The petitioner further alleged that his lawyer was incompetent and failed to advise him of the mandatory requirements of G.S. 1961 Supp., 62-1304 (K.S.A. 62-1304), and did nothing in his defense. The conclusion of the district court disposes of the contention; it found:

*721 "In (f) movent contends his lawyer was incompetent and failed to advise him of the mandatory requirements of K.S.A. 62-1304. Under question 11 (f) of his motion he states the evidence on which he intends to rely to prove this contention is `G.S. 62-1304, 1961, Kansas, Supplement.' Suppose movent relies also on his own statements. Rule 121 provides as follows: "(g) Burden of Proof. The movant has the burden of establishing his grounds for relief by a preponderance of the evidence. The uncorroborated statements of the movant shall be insufficient to sustain the burden of proof. "The attorney appointed for defendant in accordance with K.S.A. 62-1304 has been practicing law in this district for over twenty years. He served as County Attorney from 1947 to 1951 and was again elected to that office in the last election and since January 11, 1965, has again been serving the people of Franklin County and the State of Kansas in that capacity. Such experience would indicate ample qualifications. Furthermore, the constitution does not guarantee the most brilliant counsel. State v. Woods, 179 Kan. 601, 603."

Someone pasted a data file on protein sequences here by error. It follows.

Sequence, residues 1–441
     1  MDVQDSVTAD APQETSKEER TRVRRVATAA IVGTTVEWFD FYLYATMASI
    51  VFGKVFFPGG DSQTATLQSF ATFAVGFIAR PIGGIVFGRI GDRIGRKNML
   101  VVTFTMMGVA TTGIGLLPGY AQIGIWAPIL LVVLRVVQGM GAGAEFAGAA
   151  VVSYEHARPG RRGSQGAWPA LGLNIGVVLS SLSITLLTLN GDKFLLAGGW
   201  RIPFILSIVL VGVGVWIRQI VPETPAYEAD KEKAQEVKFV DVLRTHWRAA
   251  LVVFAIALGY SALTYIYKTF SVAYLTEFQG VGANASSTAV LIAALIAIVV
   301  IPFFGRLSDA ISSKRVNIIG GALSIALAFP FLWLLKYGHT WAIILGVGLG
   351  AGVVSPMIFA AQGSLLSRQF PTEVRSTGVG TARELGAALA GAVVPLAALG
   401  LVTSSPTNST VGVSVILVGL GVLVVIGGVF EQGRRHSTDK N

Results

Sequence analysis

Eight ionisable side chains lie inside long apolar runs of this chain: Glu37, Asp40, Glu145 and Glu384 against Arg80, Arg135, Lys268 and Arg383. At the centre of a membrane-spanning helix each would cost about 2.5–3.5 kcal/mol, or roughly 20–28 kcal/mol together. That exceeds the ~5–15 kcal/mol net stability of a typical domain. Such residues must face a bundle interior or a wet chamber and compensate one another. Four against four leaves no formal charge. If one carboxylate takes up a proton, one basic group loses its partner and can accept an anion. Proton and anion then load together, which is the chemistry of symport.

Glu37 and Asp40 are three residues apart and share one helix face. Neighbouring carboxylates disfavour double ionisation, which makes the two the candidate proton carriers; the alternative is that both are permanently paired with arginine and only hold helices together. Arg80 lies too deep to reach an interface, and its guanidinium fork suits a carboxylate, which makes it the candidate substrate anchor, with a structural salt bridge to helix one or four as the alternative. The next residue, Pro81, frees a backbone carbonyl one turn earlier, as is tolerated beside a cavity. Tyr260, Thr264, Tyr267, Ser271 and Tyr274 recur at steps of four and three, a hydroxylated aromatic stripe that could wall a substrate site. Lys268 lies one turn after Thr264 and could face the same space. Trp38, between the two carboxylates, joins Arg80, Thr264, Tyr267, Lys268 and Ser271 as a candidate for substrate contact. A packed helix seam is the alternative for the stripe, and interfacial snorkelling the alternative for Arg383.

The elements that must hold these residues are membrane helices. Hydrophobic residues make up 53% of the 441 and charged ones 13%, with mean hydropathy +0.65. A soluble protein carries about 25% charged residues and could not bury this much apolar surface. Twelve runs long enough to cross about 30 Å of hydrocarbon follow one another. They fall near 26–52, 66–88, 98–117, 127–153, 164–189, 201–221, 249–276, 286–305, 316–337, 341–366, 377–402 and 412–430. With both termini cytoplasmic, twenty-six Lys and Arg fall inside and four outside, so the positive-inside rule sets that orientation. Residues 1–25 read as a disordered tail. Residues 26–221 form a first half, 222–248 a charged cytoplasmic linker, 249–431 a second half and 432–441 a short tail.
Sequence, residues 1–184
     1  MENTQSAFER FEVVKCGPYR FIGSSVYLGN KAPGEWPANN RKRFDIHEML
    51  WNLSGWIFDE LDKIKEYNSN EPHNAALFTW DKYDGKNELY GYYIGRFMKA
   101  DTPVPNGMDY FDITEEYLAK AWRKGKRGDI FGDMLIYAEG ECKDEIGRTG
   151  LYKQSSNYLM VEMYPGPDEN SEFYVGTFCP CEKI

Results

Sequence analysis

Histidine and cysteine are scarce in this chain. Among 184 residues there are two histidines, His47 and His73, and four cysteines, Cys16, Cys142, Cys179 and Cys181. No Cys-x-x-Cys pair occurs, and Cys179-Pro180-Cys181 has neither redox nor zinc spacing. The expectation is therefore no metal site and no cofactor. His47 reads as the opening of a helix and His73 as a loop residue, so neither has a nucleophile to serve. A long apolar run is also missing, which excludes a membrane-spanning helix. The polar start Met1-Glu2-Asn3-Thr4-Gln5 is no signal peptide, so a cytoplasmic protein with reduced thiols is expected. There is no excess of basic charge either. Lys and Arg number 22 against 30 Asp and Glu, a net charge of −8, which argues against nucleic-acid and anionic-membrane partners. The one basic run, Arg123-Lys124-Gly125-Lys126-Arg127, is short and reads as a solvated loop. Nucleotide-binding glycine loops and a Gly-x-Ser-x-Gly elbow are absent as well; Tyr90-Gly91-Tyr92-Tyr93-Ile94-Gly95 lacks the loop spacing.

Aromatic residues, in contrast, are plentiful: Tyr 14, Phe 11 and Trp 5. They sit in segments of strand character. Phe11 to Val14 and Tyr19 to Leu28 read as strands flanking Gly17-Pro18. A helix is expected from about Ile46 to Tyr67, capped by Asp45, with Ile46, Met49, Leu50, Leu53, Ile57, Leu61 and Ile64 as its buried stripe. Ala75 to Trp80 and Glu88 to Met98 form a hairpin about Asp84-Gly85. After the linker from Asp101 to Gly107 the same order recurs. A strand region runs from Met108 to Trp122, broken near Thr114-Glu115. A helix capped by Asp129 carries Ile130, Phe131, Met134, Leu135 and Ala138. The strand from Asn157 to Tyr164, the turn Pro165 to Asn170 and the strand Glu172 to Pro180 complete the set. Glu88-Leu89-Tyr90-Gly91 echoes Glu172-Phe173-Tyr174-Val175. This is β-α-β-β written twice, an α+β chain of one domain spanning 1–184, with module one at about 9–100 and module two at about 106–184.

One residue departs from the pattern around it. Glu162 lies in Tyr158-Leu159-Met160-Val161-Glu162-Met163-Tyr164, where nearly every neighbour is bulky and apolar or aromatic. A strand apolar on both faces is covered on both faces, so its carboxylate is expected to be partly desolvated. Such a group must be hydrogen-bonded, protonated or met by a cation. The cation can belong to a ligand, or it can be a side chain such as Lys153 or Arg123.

Nothing more need be added in answer to this contention, however, we note that the petitioner was originally charged with one count of jailbreak and a second count of felonious assault. Following the appointment of counsel, the district court deferred arraignment of the petitioner some eight days, until February 13, 1964. We assume that as a result of Mr. Steere's representation of the petitioner, he conferred with the then county attorney and was instrumental in securing the dismissal of the count of jailbreak charged in the information and obtained the prosecutor's permission for the petitioner to enter a plea of guilty to the lesser included offense of attempted felonious assault. Moreover, the petitioner was not sentenced under the Kansas Habitual Criminal Act. There is absolutely nothing to sustain the charge of inadequate representation of counsel.